RDATE Quit Working - Aug. 28, 2002

In my BorderManager books, I have at one time had examples for using RDATE to set the time on a server to a time server on the Internet. (I still prefer it to TIMESYNC.NLM attempting to do NTP reliably on Nw 5.x, but timesync is better on 6.x).

My example for RDATE pointed to a US National Institute of Standards time server located in Boulder, Colorado. That server appears to have gone off line, permanently, in February, 2002. Your server will show repeated failed attempts to connect to the configured time server.

Not to worry. There are still time servers out there which reply to UDP port 37 requests. I found the following addresses on the Internet, using time servers located at the Stanford University, in California. (You should try to find time servers close to your location, partly for the time variables involved, but mostly to spread the load).

You can try the following RDATE load line, which will attempt to connect to the first of the three configured addresses. If that server does not respond, RDATE should try the next one, and then the last one.

LOAD RDATE /v 2 /p 240 /m 9999999 /u /u /u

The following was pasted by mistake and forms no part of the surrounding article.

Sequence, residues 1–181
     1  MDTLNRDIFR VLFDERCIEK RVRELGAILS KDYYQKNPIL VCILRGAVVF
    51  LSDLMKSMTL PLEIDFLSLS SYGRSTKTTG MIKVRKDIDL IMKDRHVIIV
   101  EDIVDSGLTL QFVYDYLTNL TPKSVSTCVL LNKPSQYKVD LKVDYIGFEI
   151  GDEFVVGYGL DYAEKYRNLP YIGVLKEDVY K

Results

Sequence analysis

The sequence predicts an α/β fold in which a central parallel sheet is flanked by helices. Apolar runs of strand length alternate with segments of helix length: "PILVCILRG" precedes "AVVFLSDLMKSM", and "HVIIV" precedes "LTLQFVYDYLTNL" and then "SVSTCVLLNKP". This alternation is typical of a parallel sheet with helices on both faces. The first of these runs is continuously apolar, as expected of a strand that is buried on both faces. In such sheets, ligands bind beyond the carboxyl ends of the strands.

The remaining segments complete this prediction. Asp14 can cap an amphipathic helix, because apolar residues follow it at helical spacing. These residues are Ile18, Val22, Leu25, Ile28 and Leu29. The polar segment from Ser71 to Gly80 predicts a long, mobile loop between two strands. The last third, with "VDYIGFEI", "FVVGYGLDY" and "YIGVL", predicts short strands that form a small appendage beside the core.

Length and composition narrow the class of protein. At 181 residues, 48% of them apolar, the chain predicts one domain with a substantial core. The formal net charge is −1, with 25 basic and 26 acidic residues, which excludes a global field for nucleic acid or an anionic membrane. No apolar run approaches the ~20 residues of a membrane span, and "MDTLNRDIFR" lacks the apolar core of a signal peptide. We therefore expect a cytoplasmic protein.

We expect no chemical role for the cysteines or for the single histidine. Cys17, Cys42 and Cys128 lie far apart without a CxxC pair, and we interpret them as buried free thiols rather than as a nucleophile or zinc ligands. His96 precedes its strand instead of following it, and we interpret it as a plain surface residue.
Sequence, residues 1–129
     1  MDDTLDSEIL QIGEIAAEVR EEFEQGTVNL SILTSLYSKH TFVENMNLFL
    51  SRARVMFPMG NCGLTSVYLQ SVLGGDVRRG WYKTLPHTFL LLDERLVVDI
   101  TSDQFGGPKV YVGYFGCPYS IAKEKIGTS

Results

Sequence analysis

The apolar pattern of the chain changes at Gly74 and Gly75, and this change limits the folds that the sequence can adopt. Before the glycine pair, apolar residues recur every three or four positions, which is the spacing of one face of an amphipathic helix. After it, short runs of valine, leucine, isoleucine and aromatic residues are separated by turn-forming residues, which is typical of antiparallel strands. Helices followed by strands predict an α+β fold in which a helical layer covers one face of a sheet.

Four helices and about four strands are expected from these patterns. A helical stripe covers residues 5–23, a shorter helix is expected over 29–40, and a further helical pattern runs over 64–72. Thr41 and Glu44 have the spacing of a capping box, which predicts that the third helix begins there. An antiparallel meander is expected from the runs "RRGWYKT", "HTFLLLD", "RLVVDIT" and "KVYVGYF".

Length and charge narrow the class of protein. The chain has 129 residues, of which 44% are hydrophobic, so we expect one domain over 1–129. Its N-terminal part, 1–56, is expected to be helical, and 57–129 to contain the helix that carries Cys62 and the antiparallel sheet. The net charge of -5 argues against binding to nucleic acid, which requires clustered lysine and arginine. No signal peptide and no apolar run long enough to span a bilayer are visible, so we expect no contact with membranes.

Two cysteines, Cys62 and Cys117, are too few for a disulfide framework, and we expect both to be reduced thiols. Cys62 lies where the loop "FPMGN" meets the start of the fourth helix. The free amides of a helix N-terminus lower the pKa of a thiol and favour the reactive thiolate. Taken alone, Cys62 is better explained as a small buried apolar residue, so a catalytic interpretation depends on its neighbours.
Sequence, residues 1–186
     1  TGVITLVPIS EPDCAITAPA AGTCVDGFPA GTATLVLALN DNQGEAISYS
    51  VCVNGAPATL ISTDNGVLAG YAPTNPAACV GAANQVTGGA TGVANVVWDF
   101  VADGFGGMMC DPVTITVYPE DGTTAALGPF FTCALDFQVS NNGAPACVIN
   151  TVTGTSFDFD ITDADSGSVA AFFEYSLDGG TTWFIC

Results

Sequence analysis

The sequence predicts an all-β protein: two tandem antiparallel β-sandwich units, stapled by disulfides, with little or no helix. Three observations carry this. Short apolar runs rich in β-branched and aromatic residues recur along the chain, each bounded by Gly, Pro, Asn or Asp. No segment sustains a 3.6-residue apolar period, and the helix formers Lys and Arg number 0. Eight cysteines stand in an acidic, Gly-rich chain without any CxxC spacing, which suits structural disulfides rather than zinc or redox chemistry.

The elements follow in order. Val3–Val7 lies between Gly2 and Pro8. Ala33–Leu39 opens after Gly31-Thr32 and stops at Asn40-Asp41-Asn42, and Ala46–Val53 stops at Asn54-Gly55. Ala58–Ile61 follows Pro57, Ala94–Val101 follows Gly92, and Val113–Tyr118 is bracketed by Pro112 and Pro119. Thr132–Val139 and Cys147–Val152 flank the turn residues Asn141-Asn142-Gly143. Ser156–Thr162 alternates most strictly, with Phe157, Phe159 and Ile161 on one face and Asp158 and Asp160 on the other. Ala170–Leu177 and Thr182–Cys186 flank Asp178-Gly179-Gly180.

/v 2 = allow two second variance
/p 240 = check every 240 minutes
/m <large number> = maximum number of seconds server can be different from time server and have RDATE still change the time
/u = UDP protocol (port 37 is used)
x.x.x.x = time server IP address

Aug. 28, 2002: RDATE is freeware. I used to get it from http://alw.murkworks.com, but that site was down for a while. If it is not up, you can download RDATE from HERE.

NTP Alternative

NetWare 6, with NW6SP1 and later installed, has a problem with RDATE. Basically, it doesn't work properly, and time may be an hour off. However, timesync.nlm finally seems to work decently with NTP. If you want to set internet time using NTP, on NW6SP1 or later, you can set your single reference or reference server to point to the IP address for TIME.NIST.GOV, which is (Be sure to add the :123).

You will need to allow outbound UDP destination port 123, and source ports 1023-65535. (The source port changed from earlier versions of timesync.nlm, which used source and destination ports 123. In NetWare 6, you can specify the source port if you like).

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